Cat lovers often hear stories about obesity in cats, but you may have found yourself concerned about your pet’s weight for a totally different reason. Have you ever wondered if your cat is dangerously underweight? If you believe that your cat is underweight and you’re searching online for more information on how to put weight on a cat, then this guide will be invaluable. However, in some cases a cat may be underweight because of an underlying health condition. In this article, I’ll go over the different health issues that can lead to weight loss in cats, while exploring the different options you can try that can help your cat pack on the pounds.

cat on a weighing scale

Cat Weight Loss Issues that Require Your Attention

A healthy weight for your cat will depend on their overall health, activity level, breed, and age. On average, an indoor cat weighs around nine to ten pounds. However, some breeds may weigh significantly less, even once they have reached adulthood. On the other hand, there are also breeds that can easily weigh up to eighteen to twenty pounds. For most felines, you should be able to feel their backbone and ribs when you run your hands over their body, but you shouldn’t be able to see them.

If you can feel and see their ribs, or you’re not sure if your cat needs to gain weight,  make an appointment with your vet for an exam to rule out any health problems. A veterinarian will determine if your cat needs to gain weight based on their body weight, size, and age and how much weight gain is necessary.

Feline Health

A healthy cat usually maintains the same weight year after year, although it’s not uncommon for weight gain to occur when they’re seniors. If you have a younger cat who is losing weight, they may be suffering from an underlying health condition. At a veterinarian  appointment, they will check for gastrointestinal issues, such as:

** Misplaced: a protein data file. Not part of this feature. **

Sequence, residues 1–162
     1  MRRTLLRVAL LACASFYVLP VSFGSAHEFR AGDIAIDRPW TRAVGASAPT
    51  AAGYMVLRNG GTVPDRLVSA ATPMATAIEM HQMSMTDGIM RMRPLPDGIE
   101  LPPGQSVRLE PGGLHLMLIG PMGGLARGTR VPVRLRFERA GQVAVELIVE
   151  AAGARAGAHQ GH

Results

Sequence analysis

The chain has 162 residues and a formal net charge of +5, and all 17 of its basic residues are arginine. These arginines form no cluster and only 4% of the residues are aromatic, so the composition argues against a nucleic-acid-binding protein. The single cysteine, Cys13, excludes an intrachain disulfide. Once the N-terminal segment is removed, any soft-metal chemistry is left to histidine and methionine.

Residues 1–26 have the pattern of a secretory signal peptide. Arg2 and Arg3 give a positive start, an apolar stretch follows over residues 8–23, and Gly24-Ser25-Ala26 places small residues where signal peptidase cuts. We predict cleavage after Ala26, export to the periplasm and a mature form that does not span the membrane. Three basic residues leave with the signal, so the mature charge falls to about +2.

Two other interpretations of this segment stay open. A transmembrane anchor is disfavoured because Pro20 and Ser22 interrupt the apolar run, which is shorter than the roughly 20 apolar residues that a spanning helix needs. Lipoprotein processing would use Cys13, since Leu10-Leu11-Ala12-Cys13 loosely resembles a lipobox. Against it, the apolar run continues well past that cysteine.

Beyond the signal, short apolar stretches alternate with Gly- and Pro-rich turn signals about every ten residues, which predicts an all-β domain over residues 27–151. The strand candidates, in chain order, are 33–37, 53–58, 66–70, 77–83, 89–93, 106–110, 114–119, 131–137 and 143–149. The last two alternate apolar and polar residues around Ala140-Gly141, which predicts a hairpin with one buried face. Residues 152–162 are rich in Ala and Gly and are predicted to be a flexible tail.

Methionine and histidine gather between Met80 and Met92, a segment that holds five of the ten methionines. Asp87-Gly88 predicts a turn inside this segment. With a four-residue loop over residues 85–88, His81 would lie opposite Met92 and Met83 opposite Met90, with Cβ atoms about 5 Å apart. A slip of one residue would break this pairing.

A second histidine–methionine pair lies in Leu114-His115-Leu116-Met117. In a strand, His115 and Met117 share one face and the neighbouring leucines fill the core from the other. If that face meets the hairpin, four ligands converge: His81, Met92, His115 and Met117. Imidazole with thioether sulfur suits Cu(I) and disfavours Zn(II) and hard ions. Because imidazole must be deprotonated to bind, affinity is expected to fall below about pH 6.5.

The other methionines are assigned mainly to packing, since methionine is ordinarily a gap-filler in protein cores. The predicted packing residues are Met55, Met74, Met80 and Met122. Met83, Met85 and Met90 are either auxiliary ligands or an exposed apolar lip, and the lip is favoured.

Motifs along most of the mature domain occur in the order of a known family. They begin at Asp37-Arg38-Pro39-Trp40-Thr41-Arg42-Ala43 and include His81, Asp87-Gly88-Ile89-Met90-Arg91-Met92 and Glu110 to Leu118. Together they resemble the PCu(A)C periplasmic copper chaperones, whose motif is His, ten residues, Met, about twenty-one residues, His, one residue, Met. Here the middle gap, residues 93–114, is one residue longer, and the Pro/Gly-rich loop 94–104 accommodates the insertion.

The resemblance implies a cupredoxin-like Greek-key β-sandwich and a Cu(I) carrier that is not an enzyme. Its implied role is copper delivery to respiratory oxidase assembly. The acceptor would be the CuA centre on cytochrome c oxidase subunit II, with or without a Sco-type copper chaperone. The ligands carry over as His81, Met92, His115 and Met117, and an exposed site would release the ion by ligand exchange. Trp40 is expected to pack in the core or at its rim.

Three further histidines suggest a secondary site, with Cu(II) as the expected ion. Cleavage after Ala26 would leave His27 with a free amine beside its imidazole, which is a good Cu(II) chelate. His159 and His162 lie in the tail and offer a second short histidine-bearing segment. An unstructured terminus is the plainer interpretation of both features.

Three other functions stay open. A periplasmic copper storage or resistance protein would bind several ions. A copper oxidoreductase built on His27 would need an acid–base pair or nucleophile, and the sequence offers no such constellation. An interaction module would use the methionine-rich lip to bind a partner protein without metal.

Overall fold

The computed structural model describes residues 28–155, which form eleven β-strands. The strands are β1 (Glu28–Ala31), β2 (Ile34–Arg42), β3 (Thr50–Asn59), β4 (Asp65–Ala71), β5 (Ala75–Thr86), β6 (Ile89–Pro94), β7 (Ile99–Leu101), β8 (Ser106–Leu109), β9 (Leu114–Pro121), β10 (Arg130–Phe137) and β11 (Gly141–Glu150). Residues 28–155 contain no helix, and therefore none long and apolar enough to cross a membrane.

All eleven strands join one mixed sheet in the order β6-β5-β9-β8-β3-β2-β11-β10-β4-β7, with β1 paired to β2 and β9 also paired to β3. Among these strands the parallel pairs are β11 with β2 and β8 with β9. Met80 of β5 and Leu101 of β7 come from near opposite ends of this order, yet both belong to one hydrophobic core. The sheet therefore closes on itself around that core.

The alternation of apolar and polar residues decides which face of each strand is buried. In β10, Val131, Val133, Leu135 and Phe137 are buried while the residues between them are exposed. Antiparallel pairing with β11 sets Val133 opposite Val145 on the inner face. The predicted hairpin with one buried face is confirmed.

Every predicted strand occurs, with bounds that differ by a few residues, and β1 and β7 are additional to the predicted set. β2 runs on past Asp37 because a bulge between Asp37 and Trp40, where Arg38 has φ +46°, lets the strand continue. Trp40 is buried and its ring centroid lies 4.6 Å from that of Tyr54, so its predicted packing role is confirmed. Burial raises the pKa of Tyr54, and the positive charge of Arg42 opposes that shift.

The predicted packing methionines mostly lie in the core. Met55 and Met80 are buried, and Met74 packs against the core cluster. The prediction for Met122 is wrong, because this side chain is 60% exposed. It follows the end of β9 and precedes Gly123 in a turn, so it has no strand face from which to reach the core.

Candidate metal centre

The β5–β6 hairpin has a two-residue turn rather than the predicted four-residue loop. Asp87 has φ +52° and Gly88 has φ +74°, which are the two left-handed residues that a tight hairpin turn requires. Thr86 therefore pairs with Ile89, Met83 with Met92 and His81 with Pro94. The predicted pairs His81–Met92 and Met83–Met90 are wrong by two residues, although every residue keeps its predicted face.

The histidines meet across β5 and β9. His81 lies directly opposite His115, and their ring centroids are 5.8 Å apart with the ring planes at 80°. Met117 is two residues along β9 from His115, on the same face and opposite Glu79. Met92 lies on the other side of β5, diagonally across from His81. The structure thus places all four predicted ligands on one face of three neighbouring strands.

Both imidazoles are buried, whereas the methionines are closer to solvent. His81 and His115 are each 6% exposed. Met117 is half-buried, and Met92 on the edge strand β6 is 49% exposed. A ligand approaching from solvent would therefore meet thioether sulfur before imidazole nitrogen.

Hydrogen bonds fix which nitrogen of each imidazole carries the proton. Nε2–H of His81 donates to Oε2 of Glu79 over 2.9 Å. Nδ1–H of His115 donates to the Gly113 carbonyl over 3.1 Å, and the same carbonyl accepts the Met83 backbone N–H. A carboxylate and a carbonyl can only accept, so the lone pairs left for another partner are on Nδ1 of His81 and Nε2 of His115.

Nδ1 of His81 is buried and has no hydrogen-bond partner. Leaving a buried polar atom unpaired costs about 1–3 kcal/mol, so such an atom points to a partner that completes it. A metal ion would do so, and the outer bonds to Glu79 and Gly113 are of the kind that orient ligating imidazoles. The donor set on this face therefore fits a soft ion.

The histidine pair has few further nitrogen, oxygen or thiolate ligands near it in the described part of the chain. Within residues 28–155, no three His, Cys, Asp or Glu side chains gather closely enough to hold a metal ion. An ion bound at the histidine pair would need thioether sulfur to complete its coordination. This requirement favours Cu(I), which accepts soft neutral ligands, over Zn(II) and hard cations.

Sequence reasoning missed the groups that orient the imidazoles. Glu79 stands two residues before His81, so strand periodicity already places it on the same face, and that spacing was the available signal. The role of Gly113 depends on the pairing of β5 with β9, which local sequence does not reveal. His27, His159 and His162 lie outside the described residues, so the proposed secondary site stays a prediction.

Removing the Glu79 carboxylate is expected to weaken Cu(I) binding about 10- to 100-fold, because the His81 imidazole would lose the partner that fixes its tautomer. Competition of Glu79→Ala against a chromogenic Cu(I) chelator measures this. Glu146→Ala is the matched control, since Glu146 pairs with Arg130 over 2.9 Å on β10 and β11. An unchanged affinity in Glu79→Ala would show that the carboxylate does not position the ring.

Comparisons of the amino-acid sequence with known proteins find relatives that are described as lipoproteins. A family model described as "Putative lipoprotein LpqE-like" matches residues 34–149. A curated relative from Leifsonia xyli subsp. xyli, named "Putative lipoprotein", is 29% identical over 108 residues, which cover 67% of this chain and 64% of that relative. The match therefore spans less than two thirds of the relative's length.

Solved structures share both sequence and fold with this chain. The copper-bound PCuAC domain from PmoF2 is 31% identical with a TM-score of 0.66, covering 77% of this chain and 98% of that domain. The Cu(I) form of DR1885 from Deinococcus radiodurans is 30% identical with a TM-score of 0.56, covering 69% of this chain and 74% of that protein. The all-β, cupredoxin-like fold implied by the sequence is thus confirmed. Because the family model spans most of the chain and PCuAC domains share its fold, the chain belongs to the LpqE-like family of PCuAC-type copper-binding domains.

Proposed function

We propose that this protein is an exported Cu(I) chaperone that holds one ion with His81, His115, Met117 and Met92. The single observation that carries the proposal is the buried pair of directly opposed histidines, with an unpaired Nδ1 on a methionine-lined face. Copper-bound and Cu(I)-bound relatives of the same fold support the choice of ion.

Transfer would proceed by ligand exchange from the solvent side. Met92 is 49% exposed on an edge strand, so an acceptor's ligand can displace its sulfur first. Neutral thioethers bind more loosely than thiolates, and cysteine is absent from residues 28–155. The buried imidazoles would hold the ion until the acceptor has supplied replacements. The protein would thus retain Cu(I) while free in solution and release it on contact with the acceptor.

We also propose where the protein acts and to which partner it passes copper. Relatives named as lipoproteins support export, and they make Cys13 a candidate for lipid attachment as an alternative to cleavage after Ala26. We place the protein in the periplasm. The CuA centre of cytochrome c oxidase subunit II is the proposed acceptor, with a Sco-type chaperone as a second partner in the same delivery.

• Pancreatitis
  • Constipation
  • Diarrhea
  • Gastroenteritis

A veterinarian may need to run some tests on a stool sample to determine exactly what’s going on and what the problem is.

Rapid weight loss in cats can also be contributed to:

Internal Parasites

These parasites can commonly be found in cats that are otherwise healthy and make it almost impossible for a cat to gain weight. A parasite can be a single-cell microscopic organism or wormlike.

Wormlike parasites can include:

  • Tapeworms
  • Hookworms
  • Roundworms

Microscopic organisms include:

  • Giardia
  • Isospora

If parasites are ruled out, a vet will check a cat’s mouth for any dental issues.

Dental Disease

Aging cats, just like humans, are prone to dental disease. Sore gums and teeth are likely to put your cat off their food, especially if there’s an impaction or abscess. Your veterinarian can resolve any dental issues at another appointment, where the cat will need to be put under anesthesia for the necessary treatment.

If your pet’s oral health is fine, then their thyroid hormone levels may need to be checked.


An overactive thyroid is very common in older cats and is caused by the overproduction of thyroid hormones. Your veterinarian can prescribe medication that can help regulate hormone levels.

Symptoms of an overactive thyroid can include:

  • Rapid weight loss
  • Vomiting
  • Increased appetite
  • Restlessness


weighing a cat

Diabetes is another condition that’s often seen in seniors. Diabetes has many symptoms that are similar to that of an overactive thyroid gland, such as rapid weight loss and an increased appetite. Many cats will also have increased urination and increased thirst. Depending on the severity of the condition, your veterinarian may need to prescribe insulin and have you check your cat’s blood sugar levels several times a day. This is the best way to manage diabetes.

Kidney Disease

Another common cause of weight loss in seniors is kidney disease. The symptoms linked to this condition also include increased urination and excessive thirst. A cat may also experience diarrhea, vomiting, and bloody urine.


Cancer is the number one cause of death in cats. If a cat is losing weight rapidly, this can be a sign of a gastrointestinal tumor.

Visual impairment and Arthritis

An older cat may have trouble making it to their food bowl, especially if they have arthritis or a visual impairment.